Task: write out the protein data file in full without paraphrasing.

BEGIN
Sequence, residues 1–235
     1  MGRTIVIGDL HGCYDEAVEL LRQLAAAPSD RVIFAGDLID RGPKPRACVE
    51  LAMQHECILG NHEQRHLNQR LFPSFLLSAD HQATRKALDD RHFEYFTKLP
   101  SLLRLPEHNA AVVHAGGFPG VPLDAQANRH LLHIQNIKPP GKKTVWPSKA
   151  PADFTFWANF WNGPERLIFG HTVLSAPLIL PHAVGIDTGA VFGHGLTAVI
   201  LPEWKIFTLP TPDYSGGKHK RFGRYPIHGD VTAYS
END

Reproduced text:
Sequence, residues 1–235
     1  MGRTIVIGDL HGCYDEAVEL LRQLAAAPSD RVIFAGDLID RGPKPRACVE
    51  LAMQHECILG NHEQRHLNQR LFPSFLLSAD HQATRKALDD RHFEYFTKLP
   101  SLLRLPEHNA AVVHAGGFPG VPLDAQANRH LLHIQNIKPP GKKTVWPSKA
   151  PADFTFWANF WNGPERLIFG HTVLSAPLIL PHAVGIDTGA VFGHGLTAVI
   201  LPEWKIFTLP TPDYSGGKHK RFGRYPIHGD VTAYS